# Original paper

**Abstract**

We show that the post earnings announcement drift (PEAD) is stronger for conglomerates than single-segment firms. Conglomerates, on average, are larger than single segment firms, so it is unlikely that limits-to-arbitrage drive the difference in PEAD. Rather, we hypothesize that market participants find it more costly and difficult to understand firm-specific earnings information regarding conglomerates as they have more complicated business models than single-segment firms. This in turn slows information processing about them. In support of our hypothesis, we find that, compared to single-segment firms with similar firm characteristics, conglomerates have relatively low institutional ownership and short interest, are covered by fewer analysts, these analysts have less industry expertise and make larger forecast errors. Finally, we find that an increase in organizational complexity leads to larger PEAD and document that more complicated conglomerates have even greater PEAD. Our results are robust to a long list of alternative explanations of PEAD as well as alternative measures of firm complexity.

**Keywords:**Â organizational complexity, post-earnings-announcement drift, conglomerates, complicated firms

# Trading rules

- Investment universe: All NYSE, AMEX, and NASDAQ stocks (excluding financial and utility firms and stocks below $5)
- Factor 1: EAR (Earnings Announcement Return), calculated as the abnormal return during a 3-day window around the announcement date, in excess of a similar risk portfolio
- Factor 2: SUE (Standardized Unexpected Earnings), calculated as the earnings surprise divided by the standard deviation of earnings surprises
- Sorting: Stocks sorted into quintiles based on EAR and SUE, using previous quarter data to prevent look-ahead bias
- Portfolio weighting: Equal weight for each stock within quintiles
- Long/short positions: Go long on top SUE and EAR quintile intersection, short on bottom SUE and EAR quintile intersection
- Holding period: 1 quarter (60 working days) from the second day after the earnings announcement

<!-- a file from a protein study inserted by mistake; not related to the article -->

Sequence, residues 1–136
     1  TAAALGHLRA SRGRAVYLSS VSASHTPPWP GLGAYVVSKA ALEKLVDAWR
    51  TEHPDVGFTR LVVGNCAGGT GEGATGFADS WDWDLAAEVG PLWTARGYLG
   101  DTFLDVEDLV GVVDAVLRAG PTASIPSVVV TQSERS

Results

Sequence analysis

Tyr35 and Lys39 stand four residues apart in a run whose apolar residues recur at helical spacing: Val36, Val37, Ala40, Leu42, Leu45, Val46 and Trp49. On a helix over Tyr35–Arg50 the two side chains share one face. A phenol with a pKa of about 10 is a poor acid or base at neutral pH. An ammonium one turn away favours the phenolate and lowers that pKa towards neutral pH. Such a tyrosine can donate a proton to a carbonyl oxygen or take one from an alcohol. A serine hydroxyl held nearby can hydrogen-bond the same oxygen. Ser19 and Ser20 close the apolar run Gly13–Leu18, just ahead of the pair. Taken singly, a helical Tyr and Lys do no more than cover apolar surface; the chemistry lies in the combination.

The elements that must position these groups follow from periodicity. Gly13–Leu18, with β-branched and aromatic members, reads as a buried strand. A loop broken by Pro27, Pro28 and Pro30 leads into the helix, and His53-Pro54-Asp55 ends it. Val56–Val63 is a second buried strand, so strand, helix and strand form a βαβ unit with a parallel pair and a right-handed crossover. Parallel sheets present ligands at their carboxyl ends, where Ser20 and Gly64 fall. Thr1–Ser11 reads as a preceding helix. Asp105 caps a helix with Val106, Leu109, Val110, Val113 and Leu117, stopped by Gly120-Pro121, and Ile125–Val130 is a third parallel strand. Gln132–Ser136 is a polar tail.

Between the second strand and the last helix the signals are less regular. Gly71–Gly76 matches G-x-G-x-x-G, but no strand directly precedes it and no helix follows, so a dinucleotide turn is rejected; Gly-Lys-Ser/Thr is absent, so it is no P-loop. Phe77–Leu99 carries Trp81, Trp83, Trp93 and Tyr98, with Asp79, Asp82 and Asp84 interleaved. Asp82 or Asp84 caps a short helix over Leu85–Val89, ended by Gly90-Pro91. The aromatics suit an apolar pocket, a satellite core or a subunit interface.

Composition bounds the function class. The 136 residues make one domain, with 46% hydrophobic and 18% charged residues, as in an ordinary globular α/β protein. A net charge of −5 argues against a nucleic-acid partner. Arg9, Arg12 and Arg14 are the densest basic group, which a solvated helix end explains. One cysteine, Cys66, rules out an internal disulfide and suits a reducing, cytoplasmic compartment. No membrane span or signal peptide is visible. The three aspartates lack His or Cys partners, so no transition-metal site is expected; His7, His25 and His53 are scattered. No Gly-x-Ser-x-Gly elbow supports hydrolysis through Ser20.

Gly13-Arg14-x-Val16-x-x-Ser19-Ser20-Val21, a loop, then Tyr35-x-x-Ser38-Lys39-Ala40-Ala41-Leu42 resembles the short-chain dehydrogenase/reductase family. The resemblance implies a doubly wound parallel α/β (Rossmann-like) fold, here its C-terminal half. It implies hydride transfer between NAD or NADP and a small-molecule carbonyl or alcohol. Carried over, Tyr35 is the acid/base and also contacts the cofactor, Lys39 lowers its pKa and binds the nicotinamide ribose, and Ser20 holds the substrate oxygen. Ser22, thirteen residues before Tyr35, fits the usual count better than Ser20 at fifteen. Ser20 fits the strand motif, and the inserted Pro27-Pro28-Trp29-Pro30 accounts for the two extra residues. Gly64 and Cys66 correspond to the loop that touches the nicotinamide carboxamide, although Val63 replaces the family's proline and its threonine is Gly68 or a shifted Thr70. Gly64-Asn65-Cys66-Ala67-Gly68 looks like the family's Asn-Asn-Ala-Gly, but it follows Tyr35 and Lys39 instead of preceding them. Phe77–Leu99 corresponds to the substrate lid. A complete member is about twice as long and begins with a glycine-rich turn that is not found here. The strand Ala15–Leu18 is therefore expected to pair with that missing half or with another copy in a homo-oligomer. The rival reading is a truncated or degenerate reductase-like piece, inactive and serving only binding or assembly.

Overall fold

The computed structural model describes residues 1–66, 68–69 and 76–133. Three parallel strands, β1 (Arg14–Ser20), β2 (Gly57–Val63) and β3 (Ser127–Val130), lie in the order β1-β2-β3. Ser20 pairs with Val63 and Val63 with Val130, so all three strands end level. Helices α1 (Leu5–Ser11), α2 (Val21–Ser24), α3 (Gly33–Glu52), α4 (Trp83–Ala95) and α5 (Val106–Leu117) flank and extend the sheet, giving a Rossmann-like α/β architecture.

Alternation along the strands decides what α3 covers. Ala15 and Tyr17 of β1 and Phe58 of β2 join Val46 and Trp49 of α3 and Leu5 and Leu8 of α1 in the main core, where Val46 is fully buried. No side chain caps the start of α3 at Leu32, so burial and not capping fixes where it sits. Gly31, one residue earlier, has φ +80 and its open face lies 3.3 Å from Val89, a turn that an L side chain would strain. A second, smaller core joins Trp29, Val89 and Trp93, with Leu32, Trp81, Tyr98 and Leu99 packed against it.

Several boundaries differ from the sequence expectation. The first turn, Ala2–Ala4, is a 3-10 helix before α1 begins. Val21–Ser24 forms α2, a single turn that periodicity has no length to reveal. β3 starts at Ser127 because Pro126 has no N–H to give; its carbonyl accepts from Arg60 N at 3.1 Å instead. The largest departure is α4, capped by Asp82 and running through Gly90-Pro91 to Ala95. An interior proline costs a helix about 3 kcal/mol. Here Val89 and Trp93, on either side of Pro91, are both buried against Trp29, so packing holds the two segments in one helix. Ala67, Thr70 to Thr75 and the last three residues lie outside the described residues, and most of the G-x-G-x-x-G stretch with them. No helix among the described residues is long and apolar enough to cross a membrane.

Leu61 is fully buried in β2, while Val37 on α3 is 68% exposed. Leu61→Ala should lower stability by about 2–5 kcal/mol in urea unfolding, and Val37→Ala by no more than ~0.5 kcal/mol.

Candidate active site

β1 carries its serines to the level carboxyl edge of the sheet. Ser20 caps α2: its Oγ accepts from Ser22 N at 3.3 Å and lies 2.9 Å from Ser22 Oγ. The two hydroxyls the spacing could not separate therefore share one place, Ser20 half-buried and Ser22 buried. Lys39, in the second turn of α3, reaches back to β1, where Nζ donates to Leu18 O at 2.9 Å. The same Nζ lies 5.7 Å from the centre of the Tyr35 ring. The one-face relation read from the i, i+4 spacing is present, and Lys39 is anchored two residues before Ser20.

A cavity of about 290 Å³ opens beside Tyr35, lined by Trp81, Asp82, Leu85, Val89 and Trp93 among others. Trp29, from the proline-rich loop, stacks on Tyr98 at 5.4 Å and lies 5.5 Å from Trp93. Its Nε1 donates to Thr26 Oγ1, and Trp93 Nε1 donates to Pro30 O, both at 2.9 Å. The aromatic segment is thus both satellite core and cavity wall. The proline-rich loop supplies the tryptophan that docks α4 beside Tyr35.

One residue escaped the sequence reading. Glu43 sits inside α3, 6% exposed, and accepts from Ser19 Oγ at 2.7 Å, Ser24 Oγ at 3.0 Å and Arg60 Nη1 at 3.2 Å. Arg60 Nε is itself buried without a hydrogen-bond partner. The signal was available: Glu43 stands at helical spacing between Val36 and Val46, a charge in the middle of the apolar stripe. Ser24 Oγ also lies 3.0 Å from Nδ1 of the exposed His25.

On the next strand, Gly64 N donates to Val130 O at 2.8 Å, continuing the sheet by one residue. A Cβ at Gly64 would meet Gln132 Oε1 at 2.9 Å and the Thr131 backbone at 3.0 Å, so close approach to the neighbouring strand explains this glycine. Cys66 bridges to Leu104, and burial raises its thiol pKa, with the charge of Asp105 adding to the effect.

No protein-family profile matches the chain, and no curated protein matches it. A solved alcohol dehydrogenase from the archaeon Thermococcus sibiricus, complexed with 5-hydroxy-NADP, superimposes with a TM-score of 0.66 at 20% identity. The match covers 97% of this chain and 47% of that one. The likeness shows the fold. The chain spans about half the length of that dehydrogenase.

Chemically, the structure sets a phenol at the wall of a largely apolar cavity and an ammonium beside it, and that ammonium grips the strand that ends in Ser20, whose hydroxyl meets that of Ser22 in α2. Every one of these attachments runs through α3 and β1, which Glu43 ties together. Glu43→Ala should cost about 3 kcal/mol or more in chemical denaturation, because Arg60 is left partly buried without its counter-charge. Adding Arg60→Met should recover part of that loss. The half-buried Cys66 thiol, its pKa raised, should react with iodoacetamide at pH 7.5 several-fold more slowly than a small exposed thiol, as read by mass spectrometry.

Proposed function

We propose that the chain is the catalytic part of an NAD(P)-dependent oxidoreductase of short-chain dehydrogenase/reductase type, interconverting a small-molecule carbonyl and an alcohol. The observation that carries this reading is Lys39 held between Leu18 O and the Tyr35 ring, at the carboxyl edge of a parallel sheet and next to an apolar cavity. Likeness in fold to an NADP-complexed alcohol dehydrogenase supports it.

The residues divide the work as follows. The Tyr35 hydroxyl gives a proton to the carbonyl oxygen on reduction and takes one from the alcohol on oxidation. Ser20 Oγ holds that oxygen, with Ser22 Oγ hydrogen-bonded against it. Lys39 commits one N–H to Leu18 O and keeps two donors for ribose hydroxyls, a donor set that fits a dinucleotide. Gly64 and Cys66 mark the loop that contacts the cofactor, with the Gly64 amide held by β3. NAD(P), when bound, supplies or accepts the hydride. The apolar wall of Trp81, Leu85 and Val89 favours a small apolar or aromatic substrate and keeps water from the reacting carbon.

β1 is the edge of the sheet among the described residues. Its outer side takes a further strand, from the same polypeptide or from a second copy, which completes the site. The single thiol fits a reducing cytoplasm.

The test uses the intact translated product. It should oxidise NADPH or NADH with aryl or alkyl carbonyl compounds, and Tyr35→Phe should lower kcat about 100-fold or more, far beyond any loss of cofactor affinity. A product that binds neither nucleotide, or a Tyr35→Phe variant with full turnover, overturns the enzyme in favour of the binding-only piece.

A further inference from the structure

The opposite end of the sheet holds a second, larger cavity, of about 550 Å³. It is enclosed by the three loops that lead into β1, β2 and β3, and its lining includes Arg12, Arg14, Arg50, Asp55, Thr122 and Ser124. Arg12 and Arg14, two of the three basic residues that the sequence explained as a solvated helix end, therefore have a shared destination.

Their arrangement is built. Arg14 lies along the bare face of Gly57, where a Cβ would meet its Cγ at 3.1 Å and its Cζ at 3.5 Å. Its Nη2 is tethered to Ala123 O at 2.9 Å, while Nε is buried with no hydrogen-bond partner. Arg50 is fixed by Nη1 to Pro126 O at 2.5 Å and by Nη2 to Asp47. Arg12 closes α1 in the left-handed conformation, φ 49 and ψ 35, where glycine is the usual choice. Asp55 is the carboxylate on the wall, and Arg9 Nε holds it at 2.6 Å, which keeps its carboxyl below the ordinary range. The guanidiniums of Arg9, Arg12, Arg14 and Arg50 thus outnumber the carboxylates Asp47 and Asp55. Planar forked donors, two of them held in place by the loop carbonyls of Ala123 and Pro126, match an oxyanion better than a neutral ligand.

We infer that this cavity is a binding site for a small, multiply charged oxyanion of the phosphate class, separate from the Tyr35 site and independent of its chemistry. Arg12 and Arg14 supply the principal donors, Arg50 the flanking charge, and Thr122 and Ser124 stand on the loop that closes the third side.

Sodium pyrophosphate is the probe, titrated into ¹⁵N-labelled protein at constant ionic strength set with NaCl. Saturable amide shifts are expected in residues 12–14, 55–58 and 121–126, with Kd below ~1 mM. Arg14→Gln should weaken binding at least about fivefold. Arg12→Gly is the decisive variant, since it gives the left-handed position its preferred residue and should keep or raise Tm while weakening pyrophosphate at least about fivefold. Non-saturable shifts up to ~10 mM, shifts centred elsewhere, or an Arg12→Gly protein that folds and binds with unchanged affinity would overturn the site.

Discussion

- Rebalancing: Quarterly

# Python code

## Backtrader

```
import backtrader as bt
class PEADStrategy(bt.Strategy):
def __init__(self):
self.ear = {} # Earnings Announcement Return
self.sue = {} # Standardized Unexpected Earnings
def next(self):
# Check if it's the second day after the earnings announcement
if not self.is_second_day_after_announcement():
return
# Calculate factors EAR and SUE for each stock
self.calculate_factors()
# Sort stocks into quintiles based on EAR and SUE
long_stocks, short_stocks = self.sort_quintiles()
# Calculate equal weight for each stock within quintiles
long_weight = 1.0 / len(long_stocks)
short_weight = -1.0 / len(short_stocks)
# Enter long and short positions
for stock in long_stocks:
self.order_target_percent(stock, target=long_weight)
for stock in short_stocks:
self.order_target_percent(stock, target=short_weight)
# Hold positions for 1 quarter (60 working days)
self.hold_positions_for_n_days(60)
def is_second_day_after_announcement(self):
# Implement logic to determine if it's the second day after the earnings announcement
pass
def calculate_factors(self):
# Implement logic to calculate EAR and SUE for each stock in the investment universe
pass
def sort_quintiles(self):
# Implement logic to sort stocks into quintiles based on EAR and SUE
pass
def hold_positions_for_n_days(self, n):
# Implement logic to hold positions for n days
pass
if __name__ == '__main__':
cerebro = bt.Cerebro()
# Add data feeds for NYSE, AMEX, and NASDAQ stocks (excluding financial and utility firms and stocks below $5)
cerebro.addstrategy(PEADStrategy)
cerebro.run()
```

Please note that this is just a skeleton code for the PEAD strategy. You need to implement the logic for each function based on your data source and the desired calculations.